THE CHAPEL THROUGH THE CENTURIES
THROUGH THE CENTURIES
Emerging in the 16th century, during the Wars of Religion, brotherhoods of penitents, independent lay societies, performed certain devotional and charitable duties.
Formed in 1563, in the chapel of the convent of the Carmelites (now the passage Agard), the brotherhood of the Pénitents blancs built a new chapel in 1654, probably to a design by architect Pierre Pavillon. The building was completed in the early 18th century.
The brotherhood was disbanded at the Revolution and the chapel was transferred to the City of Aix, which used it to store animal feed for the army.
In 1817, the chapel was restored to the brotherhood of the Pénitents blancs. The municipality took back possession of the chapel and, between 1865 and 1878, used it as an annex for the musée d’Aix (now the musée Granet), where it housed the major Bourguignon de Fabregoules donation.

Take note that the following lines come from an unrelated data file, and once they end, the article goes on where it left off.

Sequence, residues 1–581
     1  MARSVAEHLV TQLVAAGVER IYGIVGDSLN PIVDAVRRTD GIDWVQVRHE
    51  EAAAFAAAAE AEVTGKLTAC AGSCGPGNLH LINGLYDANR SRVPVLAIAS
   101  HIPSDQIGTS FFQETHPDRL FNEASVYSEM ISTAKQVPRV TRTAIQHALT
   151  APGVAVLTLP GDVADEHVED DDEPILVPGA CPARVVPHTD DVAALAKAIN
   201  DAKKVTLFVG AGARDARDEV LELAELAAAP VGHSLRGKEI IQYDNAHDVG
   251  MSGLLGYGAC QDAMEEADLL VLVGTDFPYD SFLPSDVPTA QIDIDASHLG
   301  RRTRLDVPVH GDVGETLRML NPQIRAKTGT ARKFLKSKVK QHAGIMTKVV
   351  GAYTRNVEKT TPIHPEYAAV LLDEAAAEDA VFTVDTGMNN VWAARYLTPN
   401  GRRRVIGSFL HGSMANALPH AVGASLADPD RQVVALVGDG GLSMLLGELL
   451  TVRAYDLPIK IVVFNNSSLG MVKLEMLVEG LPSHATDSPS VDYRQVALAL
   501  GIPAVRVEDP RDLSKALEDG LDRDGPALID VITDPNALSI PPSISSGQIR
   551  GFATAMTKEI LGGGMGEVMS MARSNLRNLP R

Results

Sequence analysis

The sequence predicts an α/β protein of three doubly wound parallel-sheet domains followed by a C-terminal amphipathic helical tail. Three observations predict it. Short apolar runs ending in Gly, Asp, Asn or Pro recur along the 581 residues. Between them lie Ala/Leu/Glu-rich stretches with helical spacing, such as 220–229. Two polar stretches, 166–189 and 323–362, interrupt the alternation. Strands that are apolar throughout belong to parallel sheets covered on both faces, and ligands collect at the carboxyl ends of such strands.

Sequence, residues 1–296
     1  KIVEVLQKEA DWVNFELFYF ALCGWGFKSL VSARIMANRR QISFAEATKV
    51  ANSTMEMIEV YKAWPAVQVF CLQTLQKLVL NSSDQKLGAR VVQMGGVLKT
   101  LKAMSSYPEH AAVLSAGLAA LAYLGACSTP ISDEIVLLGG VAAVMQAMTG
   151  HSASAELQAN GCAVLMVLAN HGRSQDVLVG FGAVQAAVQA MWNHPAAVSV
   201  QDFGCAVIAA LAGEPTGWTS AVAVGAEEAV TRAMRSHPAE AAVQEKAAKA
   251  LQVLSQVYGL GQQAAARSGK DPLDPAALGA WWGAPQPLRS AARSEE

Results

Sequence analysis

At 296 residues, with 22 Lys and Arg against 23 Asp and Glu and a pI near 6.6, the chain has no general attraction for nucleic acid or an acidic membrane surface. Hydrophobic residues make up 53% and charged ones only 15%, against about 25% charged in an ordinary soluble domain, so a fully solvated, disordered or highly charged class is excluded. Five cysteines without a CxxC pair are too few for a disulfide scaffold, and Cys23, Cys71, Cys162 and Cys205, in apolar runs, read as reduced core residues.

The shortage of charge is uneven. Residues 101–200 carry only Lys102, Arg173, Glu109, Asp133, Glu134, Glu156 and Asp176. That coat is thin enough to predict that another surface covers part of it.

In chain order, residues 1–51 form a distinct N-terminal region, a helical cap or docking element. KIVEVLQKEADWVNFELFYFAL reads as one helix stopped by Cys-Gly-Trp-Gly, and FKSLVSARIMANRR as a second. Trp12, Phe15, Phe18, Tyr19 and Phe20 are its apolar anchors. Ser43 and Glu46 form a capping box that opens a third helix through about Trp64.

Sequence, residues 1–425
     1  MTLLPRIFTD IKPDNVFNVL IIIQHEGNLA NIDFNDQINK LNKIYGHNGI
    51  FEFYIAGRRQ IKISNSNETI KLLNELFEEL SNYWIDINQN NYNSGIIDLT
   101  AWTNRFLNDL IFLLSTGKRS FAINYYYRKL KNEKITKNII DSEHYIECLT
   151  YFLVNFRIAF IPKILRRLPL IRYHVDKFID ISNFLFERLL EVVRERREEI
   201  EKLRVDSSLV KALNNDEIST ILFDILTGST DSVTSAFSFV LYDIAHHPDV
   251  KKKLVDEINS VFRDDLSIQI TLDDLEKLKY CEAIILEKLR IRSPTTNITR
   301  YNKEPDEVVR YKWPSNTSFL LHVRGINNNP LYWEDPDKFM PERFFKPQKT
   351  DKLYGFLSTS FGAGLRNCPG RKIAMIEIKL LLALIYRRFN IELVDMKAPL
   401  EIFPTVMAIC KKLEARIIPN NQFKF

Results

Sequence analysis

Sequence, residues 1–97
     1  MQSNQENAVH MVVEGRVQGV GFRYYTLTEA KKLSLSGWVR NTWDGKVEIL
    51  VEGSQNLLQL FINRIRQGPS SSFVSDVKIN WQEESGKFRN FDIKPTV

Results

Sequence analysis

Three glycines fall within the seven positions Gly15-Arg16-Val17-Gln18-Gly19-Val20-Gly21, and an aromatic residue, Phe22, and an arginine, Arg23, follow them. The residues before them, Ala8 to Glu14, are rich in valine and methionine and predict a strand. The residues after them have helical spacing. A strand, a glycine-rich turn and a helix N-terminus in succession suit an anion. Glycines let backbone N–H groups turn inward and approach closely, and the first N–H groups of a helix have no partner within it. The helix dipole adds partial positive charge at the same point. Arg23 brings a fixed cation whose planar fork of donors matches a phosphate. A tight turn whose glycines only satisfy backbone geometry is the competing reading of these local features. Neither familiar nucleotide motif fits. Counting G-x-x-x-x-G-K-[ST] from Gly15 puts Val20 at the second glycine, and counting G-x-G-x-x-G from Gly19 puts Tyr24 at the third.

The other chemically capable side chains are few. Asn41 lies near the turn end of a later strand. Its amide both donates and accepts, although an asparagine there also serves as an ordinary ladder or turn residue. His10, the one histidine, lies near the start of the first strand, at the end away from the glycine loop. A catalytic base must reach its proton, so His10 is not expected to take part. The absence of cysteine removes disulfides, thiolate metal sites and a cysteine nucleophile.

Paul Cézanne mentions the chapel in a letter to his friend Emile Zola: “Père Gibert* from the museum invited me to visit the Musée Bourguignon, and I went with Basile, Marion and Valabrègue.” (Aix, October 1866).
From 1880 to 1970, the chapel housed, in turn, a district school, a housekeeping school and part of the Ecole des Beaux Arts. There were also plans to build a new wing for the musée Granet.
In 1971, the city transformed the chapel into a conference centre before closing it to remove asbestos in 2001. In 2007, plans were drawn up to renovate the chapel, and it was reopened in spring 2013 with the Jean Planque collection under the name “Granet XXe”.